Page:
Canon K35s vs. Canon FDs


Let’s explore how you may be able to get the same vintage Canon K35 look at a much more budget-friendly price with the Canon FD series.

Vintage cinema glass is a proven, yet often expensive, way to elevate your production. The Canon K35s are an excellent and popular vintage lens choice that’s used for many productions today. However, lenses like the Canon K35s often come with a hefty price tag. One so large that it can become limiting to a lot of indie filmmakers. Here we’ll explore how to get that same vintage Canon K35 look at a more affordable price with the Canon FDs.

History of the Canon K35s 

The Canon K35s were Canon’s first venture into the cinema lens market in the 1970s. At this time, Canon wasn’t a player in the cinema space, which is odd considering how involved they are now. However, at the time they had achieved a lot of success in the still photography space. After the success of their still photography aspherical FD lens line, they decided to venture into the cinema lens game with the K35 line. Although they didn’t have a history of cinema lens design and innovation to fall back on, they still achieved success and won an Academy Award in 1977 for the lenses. The lenses were eventually used on films like Barry Lyndon, Alien, and HER.

Canon K35 Lens Set
The Canon K35 lens set. Image via Canon.

K35s Today

Flash forward to today, the K35s are incredibly popular. A Canon K35 rental can sometimes cost upwards of $1,600/day. If you consider purchasing them, you’d be nearing $200,000. These sky-high costs often put the option of these lenses, or other vintage options, out of reach for many filmmakers. 

However, over the last few years, there have been many interesting lens tests surfacing comparing the expensive Canon K35s to the commonly found Canon FD vintage lenses. Interestingly enough, these tests and comparisons have shown a lot of similarities between the two. Often, they seem to be fairly indistinguishable.

With the Canon FDs literally costing 1% of the price of Canon K35s, they’ve become an interesting option for the indie and budget filmmakers, begging the question of whether you can get the same look with the FDs for a fraction of the cost.

So, let’s go on a journey. Let’s look at the similarities and differences between the two and, hopefully, determine if they may be a good fit for your next production.

Joaquin Phoenix in Her
The sci-fi film Her was shot on Canon K35s. Image via Warner Bros.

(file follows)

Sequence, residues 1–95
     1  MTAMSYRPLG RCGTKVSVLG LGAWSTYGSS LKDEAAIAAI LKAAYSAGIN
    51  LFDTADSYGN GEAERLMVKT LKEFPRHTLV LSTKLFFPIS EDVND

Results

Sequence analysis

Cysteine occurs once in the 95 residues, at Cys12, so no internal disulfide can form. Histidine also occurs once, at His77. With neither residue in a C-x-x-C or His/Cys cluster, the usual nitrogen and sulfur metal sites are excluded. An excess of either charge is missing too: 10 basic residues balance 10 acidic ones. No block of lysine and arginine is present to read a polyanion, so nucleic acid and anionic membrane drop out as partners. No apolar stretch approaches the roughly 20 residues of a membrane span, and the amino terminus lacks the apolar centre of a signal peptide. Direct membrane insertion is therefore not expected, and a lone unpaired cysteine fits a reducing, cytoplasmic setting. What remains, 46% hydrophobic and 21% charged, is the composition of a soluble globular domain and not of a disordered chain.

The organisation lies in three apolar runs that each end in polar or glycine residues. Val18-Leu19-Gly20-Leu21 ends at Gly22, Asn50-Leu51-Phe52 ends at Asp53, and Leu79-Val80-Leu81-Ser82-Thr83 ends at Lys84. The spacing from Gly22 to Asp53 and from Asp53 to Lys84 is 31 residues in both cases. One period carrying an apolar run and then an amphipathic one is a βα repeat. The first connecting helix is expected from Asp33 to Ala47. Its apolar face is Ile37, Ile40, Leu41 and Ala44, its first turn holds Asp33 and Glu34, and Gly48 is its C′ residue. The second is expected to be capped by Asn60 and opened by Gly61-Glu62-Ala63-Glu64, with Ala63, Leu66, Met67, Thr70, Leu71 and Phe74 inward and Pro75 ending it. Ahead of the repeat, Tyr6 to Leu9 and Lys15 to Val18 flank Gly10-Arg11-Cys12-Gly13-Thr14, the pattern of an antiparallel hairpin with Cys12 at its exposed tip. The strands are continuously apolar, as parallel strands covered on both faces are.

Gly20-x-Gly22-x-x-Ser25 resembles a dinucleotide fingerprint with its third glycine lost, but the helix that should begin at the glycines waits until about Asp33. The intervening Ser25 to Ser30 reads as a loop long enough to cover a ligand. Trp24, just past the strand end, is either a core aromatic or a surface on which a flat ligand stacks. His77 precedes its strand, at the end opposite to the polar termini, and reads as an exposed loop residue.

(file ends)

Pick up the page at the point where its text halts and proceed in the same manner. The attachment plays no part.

History of the Canon FDs

Canon started with their popular FD line of lenses back in 1971. These lenses were built to serve their popular line of still photography lenses. Over the years, they were consistently improved and refined. At a certain point, you could assume they felt the build of their lenses were deemed worthy of cinema applications, hence the introduction of the K35s. 

Now for the good stuff. Let’s take a look at where the similarities and differences align between the two.

Canon K35s vs. Canon FDs: Similarities 

It’s been said that the optics between the Canon K35s and the Canon FDs are virtually the same. This would then begin to explain just why these lenses have such a similar characteristic. One of the biggest differences you may find is that the Canon K35s feature all aspherical elements across the entire line of lenses. Whereas you can find non-aspherical versions of the FDs, which may explain a few of the differences between them. However, if you compare aspherical FDs to the K35s, the similarities are more in tune. 

Canon K35s vs. Canon FDs: Differences


The K35s feature much less contrast than their FD counterparts. In this test video (above), you can see a prime example of that. The FDs seem to push their contrast a bit more than the K35s. If you look at the areas of the image of the most shadow and the most highlights, you can quickly see these differences. 


The Canon K35s feature a touch more warmth than the Canon FDs. It’s such a subtle amount that it makes you wonder if you might be able to adjust for that in post. Most often, the answer to the question is that you can certainly make the two match. So, with that in mind, does that touch of warmth equate to a 99% higher price point? 

How to Build Your Own Set of FDs

You can find a set of cine-modded FDs on eBay for a really reasonable price. However, the best deal you’ll encounter is by purchasing, matching, and modifying your own set of Canon FDs. There’s an incredibly detailed video below that’ll guide you on this journey of finding and cultivating your own set for your next production. 

Overall, the Canon K35s and the Canon FDs are both beautiful lenses that produce cinematic imagery. Essentially, it may just come down to budget to determine which set will be best for you and your production.

Cover image via Hybrid_Graphics.

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